Cal head men's basketball coach Cuonzo Martin has officially signed his contract with the University

After a review of Cal Athletics' actions following a sexual harassment complaint against a basketball assistant coach concludes that Cuonzo Martin and others acted promptly and appropriately, the Cal head coach has officially signed his five-year contract with the University of California.

 After what can only be described as a tumultuous last three months, California head men's basketball coach Cuonzo Martin and the University of California have officially signed a contract, following the conclusion of a review of the actions taken by Cal Athletics in the wake of sexual harassment allegations against an assistant coach. The review found that Cal Athletics employees (including Martin and athletic director Mike Williams) responded "appropriately and promptly to the complaint in alignment with UC policy requirements."

Sources with knowledge of the situation have told BearTerritory that the contract between Martin and the University was initially held up by the initial announcement of the allegations against former assistant coach Yann Hufnagel, and the subsequent review.

Martin -- who guided the Bears to their first NCAA Tournament appearance since 2013 this season -- had coached the last two seasons under the original terms sheet he signed with the University in April of 2014. Standard coaching contracts at Cal are for five years, and it's believed that this contract will be retroactive to when he initially signed, meaning there are three years left.

“We are pleased to announce that we have agreed to a contract with Coach Martin to continue to lead our men’s basketball program,” Williams said. “Cuonzo has demonstrated that he is an educator, first and foremost, and cares deeply about developing young people into responsible and productive adults. Not only have we seen outstanding results on the court, his teams have shown a deep commitment to their work in the classroom. We couldn’t be happier with the trajectory of the program.”

The average annual compensation is $1.64 million per year plus signing and retention bonuses. In addition, the contract contains several potential academic-based and performance-based bonuses.

Under Martin, Cal has upped it's one-year Academic Progress Rating to a perfect 1000, went undefeated at Haas Pavilion for the first time since the 1959-60 season (when it was called Harmon Gym), brought in a top-10 recruiting class last spring in Jaylen Brown and Ivan Rabb, and made the NCAA Tournament. Brown will likely be a top-five pick in the NBA Draft on June 23, while Rabb has announced that he intends to return for his sophomore season. Rabb will appear tonight on the Pac-12 Networks at 9 p.m. on the Pac-12 Sports Report to discuss that decision.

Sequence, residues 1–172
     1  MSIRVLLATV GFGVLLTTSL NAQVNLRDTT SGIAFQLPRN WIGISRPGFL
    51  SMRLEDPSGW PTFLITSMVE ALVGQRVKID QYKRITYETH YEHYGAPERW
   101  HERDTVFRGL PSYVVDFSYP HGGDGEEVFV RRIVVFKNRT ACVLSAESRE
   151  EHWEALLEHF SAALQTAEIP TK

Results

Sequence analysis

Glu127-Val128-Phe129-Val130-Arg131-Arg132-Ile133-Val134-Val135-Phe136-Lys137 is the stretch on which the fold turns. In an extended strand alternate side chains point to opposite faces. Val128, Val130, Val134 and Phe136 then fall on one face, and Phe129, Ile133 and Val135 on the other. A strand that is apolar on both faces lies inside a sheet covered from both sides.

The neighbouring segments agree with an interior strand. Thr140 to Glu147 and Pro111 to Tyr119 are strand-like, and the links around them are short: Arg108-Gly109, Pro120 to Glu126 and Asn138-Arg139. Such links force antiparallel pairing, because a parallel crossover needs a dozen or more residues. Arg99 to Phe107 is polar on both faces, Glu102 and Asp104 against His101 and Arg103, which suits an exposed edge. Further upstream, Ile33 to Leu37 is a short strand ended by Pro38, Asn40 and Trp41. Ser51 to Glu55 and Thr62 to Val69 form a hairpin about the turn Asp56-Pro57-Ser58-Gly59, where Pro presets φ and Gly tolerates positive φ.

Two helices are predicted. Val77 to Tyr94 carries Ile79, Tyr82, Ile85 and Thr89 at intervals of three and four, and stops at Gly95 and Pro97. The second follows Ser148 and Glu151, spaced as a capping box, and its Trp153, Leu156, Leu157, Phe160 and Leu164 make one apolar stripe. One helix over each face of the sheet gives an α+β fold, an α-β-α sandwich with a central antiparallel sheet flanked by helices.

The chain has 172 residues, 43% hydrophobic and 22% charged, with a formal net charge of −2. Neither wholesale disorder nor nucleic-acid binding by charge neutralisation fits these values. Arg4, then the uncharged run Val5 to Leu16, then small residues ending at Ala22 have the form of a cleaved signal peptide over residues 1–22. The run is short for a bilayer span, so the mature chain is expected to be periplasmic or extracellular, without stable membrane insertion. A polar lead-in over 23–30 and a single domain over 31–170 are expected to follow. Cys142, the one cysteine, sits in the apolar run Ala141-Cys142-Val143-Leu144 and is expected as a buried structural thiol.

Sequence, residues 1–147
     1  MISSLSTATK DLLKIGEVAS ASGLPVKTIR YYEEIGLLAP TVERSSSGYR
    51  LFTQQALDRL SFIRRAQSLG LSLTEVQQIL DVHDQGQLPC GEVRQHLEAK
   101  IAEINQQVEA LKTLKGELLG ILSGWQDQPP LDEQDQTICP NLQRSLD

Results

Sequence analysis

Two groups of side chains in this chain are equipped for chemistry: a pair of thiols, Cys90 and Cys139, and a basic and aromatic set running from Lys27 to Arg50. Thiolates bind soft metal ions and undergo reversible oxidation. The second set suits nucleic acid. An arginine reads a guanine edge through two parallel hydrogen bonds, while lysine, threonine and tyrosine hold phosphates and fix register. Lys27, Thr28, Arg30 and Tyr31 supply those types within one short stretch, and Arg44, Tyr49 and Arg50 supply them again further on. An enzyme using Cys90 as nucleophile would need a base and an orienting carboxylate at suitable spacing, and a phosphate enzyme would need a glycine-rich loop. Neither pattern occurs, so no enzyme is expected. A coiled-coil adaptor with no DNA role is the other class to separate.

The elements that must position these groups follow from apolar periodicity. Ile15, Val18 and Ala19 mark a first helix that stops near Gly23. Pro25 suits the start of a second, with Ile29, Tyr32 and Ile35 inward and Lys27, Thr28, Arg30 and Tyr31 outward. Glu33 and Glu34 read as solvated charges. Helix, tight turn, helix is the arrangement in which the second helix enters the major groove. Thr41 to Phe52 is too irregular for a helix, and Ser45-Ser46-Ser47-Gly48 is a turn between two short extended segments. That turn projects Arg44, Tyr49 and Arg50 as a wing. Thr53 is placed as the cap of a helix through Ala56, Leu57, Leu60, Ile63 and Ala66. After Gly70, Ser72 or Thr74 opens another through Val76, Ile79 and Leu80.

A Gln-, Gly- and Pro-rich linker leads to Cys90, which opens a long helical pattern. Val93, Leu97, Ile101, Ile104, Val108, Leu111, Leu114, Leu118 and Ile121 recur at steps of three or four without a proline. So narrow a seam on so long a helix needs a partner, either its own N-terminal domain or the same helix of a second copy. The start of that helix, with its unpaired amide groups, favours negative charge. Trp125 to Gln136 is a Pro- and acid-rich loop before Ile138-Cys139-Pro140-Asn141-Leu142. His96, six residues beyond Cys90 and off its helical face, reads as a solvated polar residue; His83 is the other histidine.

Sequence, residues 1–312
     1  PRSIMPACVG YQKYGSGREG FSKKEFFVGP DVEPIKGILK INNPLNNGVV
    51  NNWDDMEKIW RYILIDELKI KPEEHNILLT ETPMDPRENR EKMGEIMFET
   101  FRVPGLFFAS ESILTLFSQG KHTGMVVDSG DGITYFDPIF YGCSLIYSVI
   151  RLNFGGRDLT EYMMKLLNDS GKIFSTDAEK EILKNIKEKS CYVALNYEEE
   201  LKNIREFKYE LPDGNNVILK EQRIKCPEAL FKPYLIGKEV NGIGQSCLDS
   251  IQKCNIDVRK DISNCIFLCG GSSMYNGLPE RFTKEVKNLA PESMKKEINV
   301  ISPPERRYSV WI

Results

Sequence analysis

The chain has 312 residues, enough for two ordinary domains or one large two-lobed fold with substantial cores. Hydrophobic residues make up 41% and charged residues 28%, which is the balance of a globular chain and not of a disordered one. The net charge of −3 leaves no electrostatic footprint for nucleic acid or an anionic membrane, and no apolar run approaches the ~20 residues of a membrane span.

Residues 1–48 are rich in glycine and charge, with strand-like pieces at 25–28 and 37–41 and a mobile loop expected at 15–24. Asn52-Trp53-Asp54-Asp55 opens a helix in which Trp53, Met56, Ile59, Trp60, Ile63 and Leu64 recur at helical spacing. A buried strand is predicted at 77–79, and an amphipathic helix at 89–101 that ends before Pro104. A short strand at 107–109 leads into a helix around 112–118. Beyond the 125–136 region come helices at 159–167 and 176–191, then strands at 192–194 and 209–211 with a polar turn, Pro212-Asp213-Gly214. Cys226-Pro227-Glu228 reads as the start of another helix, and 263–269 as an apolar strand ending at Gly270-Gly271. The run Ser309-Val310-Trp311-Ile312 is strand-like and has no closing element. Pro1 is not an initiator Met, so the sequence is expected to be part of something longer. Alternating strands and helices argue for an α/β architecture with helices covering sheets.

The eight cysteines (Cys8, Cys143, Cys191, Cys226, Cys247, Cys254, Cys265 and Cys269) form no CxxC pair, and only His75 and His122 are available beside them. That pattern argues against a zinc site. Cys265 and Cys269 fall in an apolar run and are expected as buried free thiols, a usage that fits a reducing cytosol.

Brown was voted the Pac-12 Freshman of the Year and a Freshman All-American, and Rabb -- who announced he will return for his sophomore season -- was named second-team All-Pac-12 in 2016.

The Bears started the 2015-16 season ranked among the top 25 teams in the nation in multiple polls, but fell out during a mid-season swoon. Cal then re-surfaced in the polls in early March by going undefeated in February.

Martin, 44, has gone 41-26 as Cal's head coach, with a 19-17 record in the Pac-12. He came to Berkeley on April 15, 2014, to succeed Mike Montgomery, after three seasons coaching Tennessee -- including a Sweet 16 appearance -- and three seasons as the head coach at Missouri State. The Purdue alumnus has reached a postseason tournament in six of his eight seasons as a collegiate head coach.

Martin's first two years in Berkeley have seen quite a turnaround, both on the court and off, particularly in recruiting, but the last three months have been a whirlwind.

Before Cal's first-round exit from the Tournament this season, the school announced it was beginning termination proceedings involving assistant Yann Hufnagel due to allegations of sexual harassment. Shortly thereafter, the University announced it was reviewing the conduct of Martin, Williams and others in regards to the reporting of the allegations. A written complaint by a female reporter against Hufnagel was e-mailed to Martin on July 5, and by July 7, the complaint had moved up through the proper channels.

After those pieces of news broke, it was announced that senior point guard Tyrone Wallace had re-broken his hand, just before the first game of the Tournament against Hawaii. After wing Jabari Bird went down with back spasms 10 minutes before tip, the Bears were upset by the Warriors.

After the end of the season, signee Tyson Jolly requested and was granted his release, ostensibly due to the Hufnagel situation. Soon thereafter, Martin received a vote of support from the Cal fan base, when a petition circulated, demanding that he be cleared of wrongdoing and that his contract be signed by University officials. That petition was signed by 1,334 members of the Cal community, as of 1:20 p.m. on Monday.

In April, Cal signed JuCo point guard Dontae Coleman, the APR jump was announced, Cal inked a massive deal with Under Armour (which has some recruiting impact), Brown declared for the NBA Draft, Rabb decided to stay, the Bears landed coveted Columbia transfer Grant Mullins, former Stanford assistant Tim O'Toole was hired to replace Hufnagel.

To top that, in May, Martin signed four-star point guard Charlie Moore, who had been recruited by the Bears for quite some time before he signed with Memphis, and who subsequently got out of his letter of intent with the Tigers following a coaching change.

Since then, though, the Bears have had guard Jordan Mathews declare his intention to graduate and transfer, perhaps clearing the way for Kentucky transfer Marcus Lee -- a former five-star prospect -- though Lee has also made a visit to Washington, and has yet to comment on his future destination.

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